Get off the Sidelines & Into the Game: Producing Pro Sporting Events with Technician Films

Published on in Miscellaneous

by John Pokorny

MLB, PGA, NFL. What do all three (and more) of these amazing sports organizations have in common? That's simple, the work of Technician Films. Tom Wells of Technician Films in Atlanta tells us how he combats mundane and mediocre television production, with all star, hard-hitting projects, one sporting event at a time.  



Q: Can you tell us a little bit about your company? Along with what you specialize in?

A: Technician Films primary focus is providing field production services to broadcast and commercial clients. Our typical client comes to us with their script, storyline - or even just an idea - and looks to us to handle the field production for them. Many of our clients are sports centric, although the footage we capture for them is often ubiquitous to all clients. 

Q: How have you landed such amazing sports gigs like the World Series, Super Bowl and more?

A: Word of mouth is everything in our industry. The TV production world often feels like it’s really, really small. I think we all just gravitate towards certain interests over time and gel as production teams. My first paid gig was producing a sports reel for my Alma Mater. In the last 15 years I’ve shot commercials, documentaries, news, and everything in between, but over time I’ve won more clients in sports production and that success has grown on itself. And now It’s so easy to share media with current and potential clients online that our circles have grown larger than they could have even 5 years ago, which brings more people together with like-minded ideas, which in TV production ultimately leads to a better product and more of those larger gigs. 


Q: What kind of equipment do you use?
A: Currently we own and primarily shoot on the Sony F55 because its workflow has proven to be flexible in the field. It has a beautiful picture and can fill just about any role for us. We often have fast turnarounds at live events where delivering a manageable 1080p file is paramount, but we’ll shoot a promo for the game 2 days before where 4K is preferable. Of course we also shoot on RED and ARRI when the project calls for it. Personally I love all of them.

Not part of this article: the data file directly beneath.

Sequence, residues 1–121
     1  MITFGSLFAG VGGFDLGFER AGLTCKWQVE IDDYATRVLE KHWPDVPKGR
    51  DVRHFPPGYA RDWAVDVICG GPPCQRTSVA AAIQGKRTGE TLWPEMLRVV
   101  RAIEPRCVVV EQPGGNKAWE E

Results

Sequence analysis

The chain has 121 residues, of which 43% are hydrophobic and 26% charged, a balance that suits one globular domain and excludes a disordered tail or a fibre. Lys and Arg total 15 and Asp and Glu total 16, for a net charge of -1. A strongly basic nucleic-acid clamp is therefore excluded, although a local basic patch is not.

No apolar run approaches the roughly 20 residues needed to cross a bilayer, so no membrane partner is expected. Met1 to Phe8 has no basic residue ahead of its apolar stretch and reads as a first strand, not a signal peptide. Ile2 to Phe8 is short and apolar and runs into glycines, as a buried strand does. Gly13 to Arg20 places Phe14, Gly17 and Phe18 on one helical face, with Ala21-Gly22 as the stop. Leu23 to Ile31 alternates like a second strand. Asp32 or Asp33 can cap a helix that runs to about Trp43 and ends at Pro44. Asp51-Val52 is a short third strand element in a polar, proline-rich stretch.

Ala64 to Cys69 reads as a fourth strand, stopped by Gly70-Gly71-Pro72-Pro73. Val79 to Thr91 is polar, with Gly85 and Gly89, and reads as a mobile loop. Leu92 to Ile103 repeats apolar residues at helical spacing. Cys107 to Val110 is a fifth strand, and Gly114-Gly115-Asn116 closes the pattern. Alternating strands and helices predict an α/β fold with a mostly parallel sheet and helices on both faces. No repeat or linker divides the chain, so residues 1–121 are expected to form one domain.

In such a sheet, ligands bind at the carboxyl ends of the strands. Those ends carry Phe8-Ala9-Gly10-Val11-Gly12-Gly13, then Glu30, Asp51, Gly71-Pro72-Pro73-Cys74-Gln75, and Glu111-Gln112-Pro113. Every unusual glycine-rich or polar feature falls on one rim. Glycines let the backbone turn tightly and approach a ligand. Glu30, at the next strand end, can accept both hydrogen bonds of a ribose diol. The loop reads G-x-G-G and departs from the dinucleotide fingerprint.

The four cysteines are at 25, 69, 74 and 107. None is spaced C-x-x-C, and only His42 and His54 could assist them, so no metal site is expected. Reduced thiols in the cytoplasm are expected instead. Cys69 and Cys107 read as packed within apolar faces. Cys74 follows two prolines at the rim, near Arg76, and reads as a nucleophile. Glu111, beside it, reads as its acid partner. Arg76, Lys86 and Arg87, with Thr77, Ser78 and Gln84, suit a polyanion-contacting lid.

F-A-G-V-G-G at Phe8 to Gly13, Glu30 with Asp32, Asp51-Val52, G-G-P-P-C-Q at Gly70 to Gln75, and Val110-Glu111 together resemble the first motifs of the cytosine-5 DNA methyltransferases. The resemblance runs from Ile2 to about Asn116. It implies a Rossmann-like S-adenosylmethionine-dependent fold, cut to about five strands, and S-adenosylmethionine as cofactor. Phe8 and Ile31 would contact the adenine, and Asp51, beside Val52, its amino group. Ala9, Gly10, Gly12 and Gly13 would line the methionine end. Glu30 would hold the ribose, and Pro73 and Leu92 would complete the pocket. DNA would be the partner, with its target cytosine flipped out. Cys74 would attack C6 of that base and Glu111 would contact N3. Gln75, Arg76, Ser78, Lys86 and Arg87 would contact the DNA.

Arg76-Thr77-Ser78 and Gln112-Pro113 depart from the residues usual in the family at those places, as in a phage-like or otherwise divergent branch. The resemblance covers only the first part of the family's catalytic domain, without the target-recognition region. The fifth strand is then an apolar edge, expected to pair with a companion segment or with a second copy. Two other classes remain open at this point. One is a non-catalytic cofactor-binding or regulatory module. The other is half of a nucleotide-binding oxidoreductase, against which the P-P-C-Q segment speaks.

Q: What trends in technology do you see on the horizon?
A: I think we’ll see the smaller camera platforms continuing to explode and develop. The chip technology in cameras like the A7S and the BlackMagic Pocket Cam have come such a long way in the last 18 months that we’re seeing them used seamlessly in conjunction with the larger format cameras. They still have a long ways to go with codecs and the annoying little things like battery life, but smaller cameras are easier to manage. You can carry more, move them differently, and put them in places you can’t put a large camera. Of course big cameras are always going to be around because there will always be more technology to pack into them. I’d wager that in 20 years cameramen will still be carrying 25-30 pounds of technology on their shoulder, but the smaller cameras have opened up so many creative options now. There’s even technology to put cameras inside of soccer balls - it’s exciting to see where it will all go. 


Q: Do you think 4K is over-rated? Why or why not?
A: 4K is not over-rated, it just isn’t needed all the time. Some manufacturers have used it as a marketing gimmick to sell otherwise lousy cameras and TV’s, so some people are annoyed with the ongoing 4K discussion. For a filmmaker who wants to put their work on the big screen 4K is mandatory. For the broadcaster who wants to color correct, crop, stabilize or “future-proof” their footage like the Super Bowl…. it’s wonderful. For the client down-converting it straight to 1080 without much post production enhancement it’s maybe unnecessary. But some people just like the look of the RED or Alexa or F55 and in that case higher resolution comes with it. It all goes hand-in-hand. 



Q: Can you tell us one of the challenges you faced when covering the World Series? 
A: The biggest challenge to covering the World Series is purely logistical. We’re contracted by FOX Sports to focus on shooting features for the pre-game show, commercial promos to be used throughout the week, and game footage to be used for in-game bumps and rollouts. We can’t wait to shoot everything at the last minute, so we start following several teams a couple of weeks early, moving around the country gathering footage and the stories as they build. Some of our sets have to be moved from city to city at the last minute, and we have gear and crew on hold in multiple locations too.  Often we don’t know what city we’ll be in the next day until a game finishes at 10pm, then we jump on a chartered flight at 4am and we’re shooting again at 10am that morning on the other side of the country. We work in small crews and transport a dozen or more cases of camera gear with us the whole way. It really forces you to simplify and focus on just what you need to get the job done, which I think helps our approach to other productions throughout the year. 


Q: Can you share any future gigs you will be covering in the near future? 
A: We’re excited to be contracted for coverage of Post Season baseball and the 2014 World Series on FOX again. It’s my 4th year working as DP. Even as the month begins we’re busy researching new technology on the market to take advantage of for our client, while of course figuring out how to put it together with what’s worked in the past. 


Q: Anything else you would like to add? 
A: Hire us! ;-) Learn more here


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